Proteomic analysis of Arabidopsis thaliana

Detta är en avhandling från Umeå : Kemi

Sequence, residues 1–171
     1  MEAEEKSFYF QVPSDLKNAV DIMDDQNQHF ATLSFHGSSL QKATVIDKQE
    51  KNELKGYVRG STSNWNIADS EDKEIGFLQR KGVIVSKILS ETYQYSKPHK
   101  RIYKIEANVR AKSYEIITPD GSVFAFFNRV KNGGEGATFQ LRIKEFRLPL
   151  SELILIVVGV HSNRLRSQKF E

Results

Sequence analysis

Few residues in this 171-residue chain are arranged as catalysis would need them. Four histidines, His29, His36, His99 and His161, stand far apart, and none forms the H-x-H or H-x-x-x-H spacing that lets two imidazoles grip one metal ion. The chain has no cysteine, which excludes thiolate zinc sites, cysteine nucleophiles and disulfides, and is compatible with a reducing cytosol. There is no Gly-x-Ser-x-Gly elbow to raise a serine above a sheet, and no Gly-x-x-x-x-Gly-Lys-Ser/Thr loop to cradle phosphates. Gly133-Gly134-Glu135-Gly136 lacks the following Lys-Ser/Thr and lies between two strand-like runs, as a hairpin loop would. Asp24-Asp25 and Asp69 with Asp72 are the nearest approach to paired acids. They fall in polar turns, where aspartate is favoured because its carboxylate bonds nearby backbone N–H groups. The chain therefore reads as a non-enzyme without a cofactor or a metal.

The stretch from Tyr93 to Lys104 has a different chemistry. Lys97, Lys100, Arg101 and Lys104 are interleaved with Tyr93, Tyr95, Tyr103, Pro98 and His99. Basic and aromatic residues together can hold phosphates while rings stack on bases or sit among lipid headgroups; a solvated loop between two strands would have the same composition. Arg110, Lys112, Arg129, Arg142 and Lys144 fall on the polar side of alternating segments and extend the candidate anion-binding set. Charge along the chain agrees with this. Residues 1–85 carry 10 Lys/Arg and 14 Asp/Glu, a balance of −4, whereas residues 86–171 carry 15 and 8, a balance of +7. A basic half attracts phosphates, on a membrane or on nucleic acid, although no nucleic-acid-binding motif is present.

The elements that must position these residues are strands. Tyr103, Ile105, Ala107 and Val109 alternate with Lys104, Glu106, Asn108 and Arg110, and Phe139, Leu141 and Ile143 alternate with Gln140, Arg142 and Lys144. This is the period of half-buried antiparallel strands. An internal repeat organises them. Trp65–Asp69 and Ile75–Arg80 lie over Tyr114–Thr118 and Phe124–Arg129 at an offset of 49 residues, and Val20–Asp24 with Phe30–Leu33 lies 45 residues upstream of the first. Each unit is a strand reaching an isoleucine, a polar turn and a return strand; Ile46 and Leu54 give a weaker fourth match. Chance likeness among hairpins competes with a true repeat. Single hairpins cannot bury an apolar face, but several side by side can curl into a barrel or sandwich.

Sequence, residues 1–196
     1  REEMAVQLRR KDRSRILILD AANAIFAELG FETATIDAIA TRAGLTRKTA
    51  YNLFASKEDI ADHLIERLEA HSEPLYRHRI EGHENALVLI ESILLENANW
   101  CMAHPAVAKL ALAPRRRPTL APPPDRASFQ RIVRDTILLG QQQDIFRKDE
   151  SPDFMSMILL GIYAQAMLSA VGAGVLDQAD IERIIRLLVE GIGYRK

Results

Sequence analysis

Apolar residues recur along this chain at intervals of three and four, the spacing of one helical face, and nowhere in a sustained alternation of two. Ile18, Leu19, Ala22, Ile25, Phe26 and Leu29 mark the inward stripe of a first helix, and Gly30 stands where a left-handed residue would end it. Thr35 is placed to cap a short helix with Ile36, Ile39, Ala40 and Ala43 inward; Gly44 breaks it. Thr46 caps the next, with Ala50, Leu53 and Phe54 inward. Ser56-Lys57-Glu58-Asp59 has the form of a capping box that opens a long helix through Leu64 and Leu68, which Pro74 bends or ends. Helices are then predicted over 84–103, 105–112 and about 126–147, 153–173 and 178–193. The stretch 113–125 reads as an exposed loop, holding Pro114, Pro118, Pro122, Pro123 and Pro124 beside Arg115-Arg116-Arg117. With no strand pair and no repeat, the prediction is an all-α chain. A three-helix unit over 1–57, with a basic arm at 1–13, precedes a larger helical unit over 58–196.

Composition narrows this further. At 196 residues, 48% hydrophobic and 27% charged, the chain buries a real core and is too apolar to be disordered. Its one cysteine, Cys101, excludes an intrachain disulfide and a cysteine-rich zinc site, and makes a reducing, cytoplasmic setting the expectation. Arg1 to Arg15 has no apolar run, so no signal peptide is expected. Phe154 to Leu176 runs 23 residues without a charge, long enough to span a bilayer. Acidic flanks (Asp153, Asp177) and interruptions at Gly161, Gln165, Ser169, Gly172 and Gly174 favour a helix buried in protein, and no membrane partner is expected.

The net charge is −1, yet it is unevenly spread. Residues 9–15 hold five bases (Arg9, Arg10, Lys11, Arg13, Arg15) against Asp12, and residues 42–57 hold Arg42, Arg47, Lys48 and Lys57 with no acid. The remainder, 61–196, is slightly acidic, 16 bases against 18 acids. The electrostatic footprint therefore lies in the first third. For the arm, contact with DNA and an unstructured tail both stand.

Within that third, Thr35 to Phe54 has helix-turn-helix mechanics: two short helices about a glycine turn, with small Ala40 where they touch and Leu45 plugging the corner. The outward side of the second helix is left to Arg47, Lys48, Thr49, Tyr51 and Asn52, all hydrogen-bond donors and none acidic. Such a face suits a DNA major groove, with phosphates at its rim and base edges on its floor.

Sammanfattning: A complete proteome analysis of the chloroplast stroma, using 2D-PAGE, from spinach and Arabidopsis was performed. To improve the identification of proteins a computer program named SPECLUST was used. In SPECLUST, peak masses that are similar in many spots cluster together because they originate from the same protein with different locations on the gel. Within this program peaks in a cluster can be investigated in detail by peaks-in-common, and the unidentified masses that differ between spots in a cluster could be caused by protein modifications, which was analysed further by MS/MS.The thylakoid is an internal membrane system in the chloroplast where protein complexes involved in photosynthesis are housed. Enclosed in the thylakoid membrane is the chloroplast lumen, with a proteome estimated to contain 80-200 different proteins. Because the chloroplast lumen is close to the photosynthesis machinery in the plant, one can expect that the lumen proteome will change depending on if the plant is dark or light adapted. DIGE analysis of lumen proteins found that 15 lumen proteins show increased relative abundance in light-adapted plants. In addition co-expression analysis of lumen protein genes suggests that the lumen protein genes are uniformly transcriptionally regulated, not only by light but in a general manner.Plastocyanin is one of the proteins involved in the electron transfer in photosynthesis. Two homologous plastocyanin isoforms are encoded by the genes PETE1 and PETE2 in the nuclear genome of Arabidopsis, where PETE2 is the more abundant isoform. Knockout mutants of each of the plastocyanin isoforms shows that a 90% reduction of plastocyanin levels affects rates of photosynthesis and growth only slightly. A corresponding over-expression of plastocyanin in each of the two knockout mutants results in essentially wild-type photosynthetic performance. Reduced plastocyanin levels make the plant sensitive to Cu stress and therefore plastocyanin plays a major role as a Cu sink.A by-product of photosynthesis is hydrogen peroxide, which may be harmful for the plant. The discovery that an abundant protein found in the chloroplast lumen, TL29, shared sequence homology to Ascorbate Peroxidase (APX) was therefore of interest. We have evidence that TL29 is not an APX protein; it lacks the heme-binding active site and shows no activity. TL29 is located in the grana region and is electrostaticaly attached to the thylakoid membrane. It has four isoforms, with different pIs, both in the native and denatured form. It has no interaction with ascorbate, when compared to raAPX1. TL29 has two cysteine residues and one of them seems to have redox-regulated function, proposing that it may interact with other proteins close to PSII.